US Secretary of State Tillerson's former role as ExxonMobil CEO has fueled speculation that US assertiveness in the South China Sea is connected with oil interests - but experts remain skeptical of these claims.
During his confirmation hearings in the US Senate, Tillerson made statements indicating the new administration in Washington would prevent China from accessing its artificially-built island outposts in the South China Sea (SCS).
The remarks, coupled with ExxonMobil's longstanding energy interests in the region, have raised questions about Tillerson's ability to ensure US foreign policy interests without being clouded by his former oil-driven global outlook.
Concern over conflicts of interest has become a major point of criticism facing President Donald Trump's administration.
Many in the US Senate were opposed to Tillerson's appointment, resulting in his confirmation in January by a thin 56-43 margin.
One of the most vocal critics opposing his nomination was Massachusetts Senator Ed Markey, who said in a statement that Tillerson's role as CEO of ExxonMobil "disqualified" him for the position of top US diplomat.
"Oil and other energy sources are at the heart of major conflicts around the world, but Mr. Tillerson refused to support American energy independence or even to recognize the strategic vulnerability that comes with importing oil from overseas," read Markey's statement.
It never hurts to look
According to the United States Geological Survey (USGS), underneath the waters of the SCS are a potential 11 billion barrels of oil and 190 trillion cubic feet of natural gas. The Chinese National Offshore Oil Company (CNOOC) gives a far higher estimate, at 125 billion barrels of oil and 500 trillion cubic feet of natural gas.
ExxonMobil has one of the largest international oil interests in the region and also one of the few concerns that have not been deterred by China. In 2009, when Tillerson was CEO, ExxonMobil and Vietnamese state-owned PetroVietnam signed a production sharing contract for two sets of blocks amounting to 14 million square acres in the SCS.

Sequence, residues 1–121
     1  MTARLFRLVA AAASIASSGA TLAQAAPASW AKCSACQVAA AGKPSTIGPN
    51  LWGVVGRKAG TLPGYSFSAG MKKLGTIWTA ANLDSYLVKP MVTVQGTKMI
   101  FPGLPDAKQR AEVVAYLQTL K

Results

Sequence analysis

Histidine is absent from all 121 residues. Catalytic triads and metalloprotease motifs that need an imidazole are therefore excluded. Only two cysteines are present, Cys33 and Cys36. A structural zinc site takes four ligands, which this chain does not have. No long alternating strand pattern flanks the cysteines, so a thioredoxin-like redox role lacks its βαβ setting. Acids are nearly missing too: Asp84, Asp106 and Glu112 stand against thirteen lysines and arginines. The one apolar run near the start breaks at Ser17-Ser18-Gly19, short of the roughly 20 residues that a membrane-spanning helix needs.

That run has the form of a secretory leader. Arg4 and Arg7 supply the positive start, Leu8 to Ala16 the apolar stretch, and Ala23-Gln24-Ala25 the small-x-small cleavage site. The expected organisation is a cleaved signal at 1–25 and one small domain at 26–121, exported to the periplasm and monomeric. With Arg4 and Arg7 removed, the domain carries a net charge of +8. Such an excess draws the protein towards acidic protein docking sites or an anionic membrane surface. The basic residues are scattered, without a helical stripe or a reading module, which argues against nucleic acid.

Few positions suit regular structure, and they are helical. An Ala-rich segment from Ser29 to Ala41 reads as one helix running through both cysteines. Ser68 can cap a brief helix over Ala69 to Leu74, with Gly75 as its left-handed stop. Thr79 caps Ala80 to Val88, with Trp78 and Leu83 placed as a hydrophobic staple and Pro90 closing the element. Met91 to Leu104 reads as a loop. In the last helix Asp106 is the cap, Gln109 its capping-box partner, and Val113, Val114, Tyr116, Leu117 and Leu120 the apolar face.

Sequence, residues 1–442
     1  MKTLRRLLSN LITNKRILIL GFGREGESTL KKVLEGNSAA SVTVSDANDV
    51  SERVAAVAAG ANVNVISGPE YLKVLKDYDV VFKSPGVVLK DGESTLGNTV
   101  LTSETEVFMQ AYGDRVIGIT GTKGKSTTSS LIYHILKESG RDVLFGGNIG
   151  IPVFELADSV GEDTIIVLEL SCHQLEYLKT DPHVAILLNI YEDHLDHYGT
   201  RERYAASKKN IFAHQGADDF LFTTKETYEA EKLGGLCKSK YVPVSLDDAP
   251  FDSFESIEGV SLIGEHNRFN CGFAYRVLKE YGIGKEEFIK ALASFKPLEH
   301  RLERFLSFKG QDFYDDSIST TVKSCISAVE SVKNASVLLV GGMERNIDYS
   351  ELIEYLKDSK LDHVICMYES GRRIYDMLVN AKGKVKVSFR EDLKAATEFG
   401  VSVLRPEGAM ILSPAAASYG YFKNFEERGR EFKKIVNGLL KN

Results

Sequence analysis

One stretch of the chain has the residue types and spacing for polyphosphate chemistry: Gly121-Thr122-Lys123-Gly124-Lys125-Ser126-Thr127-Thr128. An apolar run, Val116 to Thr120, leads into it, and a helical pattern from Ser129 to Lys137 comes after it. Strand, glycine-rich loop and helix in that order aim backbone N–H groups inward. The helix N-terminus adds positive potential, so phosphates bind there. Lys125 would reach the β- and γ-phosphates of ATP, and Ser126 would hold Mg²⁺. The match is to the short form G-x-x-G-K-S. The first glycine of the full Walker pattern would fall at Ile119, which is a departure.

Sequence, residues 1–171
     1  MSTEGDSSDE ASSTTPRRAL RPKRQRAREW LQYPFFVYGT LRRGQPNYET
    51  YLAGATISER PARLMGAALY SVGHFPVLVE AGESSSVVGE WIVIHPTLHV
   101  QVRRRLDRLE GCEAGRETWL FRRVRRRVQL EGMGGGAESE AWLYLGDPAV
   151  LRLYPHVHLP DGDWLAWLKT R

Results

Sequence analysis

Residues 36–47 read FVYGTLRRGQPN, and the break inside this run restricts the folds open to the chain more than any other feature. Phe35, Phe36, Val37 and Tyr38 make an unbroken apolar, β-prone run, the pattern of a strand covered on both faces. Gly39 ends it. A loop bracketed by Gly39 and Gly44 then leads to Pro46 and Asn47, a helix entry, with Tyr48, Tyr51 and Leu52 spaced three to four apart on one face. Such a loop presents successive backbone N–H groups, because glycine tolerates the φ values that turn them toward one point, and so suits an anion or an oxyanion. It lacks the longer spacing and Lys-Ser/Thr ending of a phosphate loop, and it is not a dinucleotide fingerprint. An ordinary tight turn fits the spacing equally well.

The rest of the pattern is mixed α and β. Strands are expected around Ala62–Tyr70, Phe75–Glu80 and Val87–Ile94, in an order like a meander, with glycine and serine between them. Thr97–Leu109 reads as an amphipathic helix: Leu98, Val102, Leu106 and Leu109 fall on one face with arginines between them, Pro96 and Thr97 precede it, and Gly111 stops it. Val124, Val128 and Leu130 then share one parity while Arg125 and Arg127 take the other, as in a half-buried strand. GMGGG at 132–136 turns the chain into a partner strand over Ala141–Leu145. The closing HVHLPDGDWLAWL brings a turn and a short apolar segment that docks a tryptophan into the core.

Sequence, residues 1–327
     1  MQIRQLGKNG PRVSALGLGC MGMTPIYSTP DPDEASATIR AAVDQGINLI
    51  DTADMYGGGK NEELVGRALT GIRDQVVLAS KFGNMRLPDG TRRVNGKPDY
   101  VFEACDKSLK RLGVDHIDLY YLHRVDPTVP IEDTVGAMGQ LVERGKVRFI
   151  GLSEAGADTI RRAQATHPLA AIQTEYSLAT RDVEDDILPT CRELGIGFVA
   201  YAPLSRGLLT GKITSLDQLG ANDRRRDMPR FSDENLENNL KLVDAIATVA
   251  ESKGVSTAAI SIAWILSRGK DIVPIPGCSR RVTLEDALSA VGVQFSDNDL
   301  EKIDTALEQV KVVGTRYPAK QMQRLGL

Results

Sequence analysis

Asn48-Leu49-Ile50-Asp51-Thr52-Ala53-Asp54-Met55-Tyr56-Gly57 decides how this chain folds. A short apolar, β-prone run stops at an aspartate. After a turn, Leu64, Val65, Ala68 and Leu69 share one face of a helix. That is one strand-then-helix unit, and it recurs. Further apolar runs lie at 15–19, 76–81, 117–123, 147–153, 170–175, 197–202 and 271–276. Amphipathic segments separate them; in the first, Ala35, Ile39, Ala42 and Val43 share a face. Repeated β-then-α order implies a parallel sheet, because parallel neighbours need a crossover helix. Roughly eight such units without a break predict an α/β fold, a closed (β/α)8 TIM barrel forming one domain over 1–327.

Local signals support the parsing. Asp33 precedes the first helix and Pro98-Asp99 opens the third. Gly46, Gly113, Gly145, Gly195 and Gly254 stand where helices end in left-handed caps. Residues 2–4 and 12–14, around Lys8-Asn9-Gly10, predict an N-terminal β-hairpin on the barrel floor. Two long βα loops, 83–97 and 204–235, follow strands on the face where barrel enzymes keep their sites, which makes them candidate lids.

According to an US diplomatic cable released by Wikileaks, the deal was signed quietly given "sensitivities" with China and due to concern that part of the blocks was "within China's line of demarcation." The deal made ExxonMobil the largest offshore acreage holder in Vietnam.
It's not about the oil
Despite potential on paper and a lot of estimation, there hasn't been a major amount of hydrocarbons extracted from the SCS, as a combination of political conflict, geology, and poor infrastructure have held back development. And according to USGS estimates, most of the hydrocarbon resources in the SCS consist of natural gas.
Edward Chow, an energy analyst at the Center for Security and International Studies (CSIS), told DW that disputed areas in the SCS were not of major interest to international oil companies. "There is a lot of popular misunderstanding of the South China Sea dispute, fanned by politicians who sensationalize the issue," said Chow.
Mikkal E. Herberg, Research Director of the Energy Security Program at the National Bureau of Asian Research (NBR), wrote in a 2016 report that the energy resources in the SCS were overestimated.
"Despite journalistic hyperbole about the petroleum riches of the South China Sea, the reality is that most Western estimates of the region's oil and gas resource potential suggest relatively modest resources," said Herberg in the report, adding that the amount wasn't large enough to alter Asia's "deep dependence on oil and gas imported from outside the region."
No need for conflict
In 2014, to the east of ExxonMobil's blocks, the CNOOC moved an oil rig called the Hai Duong 981 into contested waters near the Paracel Islands. The move sparked a diplomatic row with Vietnam that escalated to small conflicts with fishing boats.
Since then, the issue has been a constant source of irritation between the two nations.
But despite these isolated incidents, experts estimate that most of the hydrocarbons found in the SCS are outside of disputed territory and therefore would not be a factor in international conflict over resources.
However, the contest is not about who gets to extract the oil and gas found under the surface of SCS, but rather who controls the sea lanes traversing the region, say observers.
According to the US Department of Energy, a third of total global crude oil trade and half of liquid natural gas (LNG) passes through the SCS.
"From my point of view as an international energy expert, the dispute has little to do with oil and gas and a lot more to do with sovereignty, sea lanes of communication, even fisheries than with energy," said Chow.
Against this backdrop, the SCS doesn't seem fit for the title of a "second Persian Gulf" with regard to energy resources, as some Chinese media have referred to it.
Even if US foreign policy in the SCS grows more assertive under Secretary Tillerson, it is most likely to be based on creating a defensive posture regarding trade routes and affirming alliances than expanding on energy interests.
"The US government generally seeks to promote the business interests of American companies, but again the disputed areas have attracted very little exploration interest," said Chow.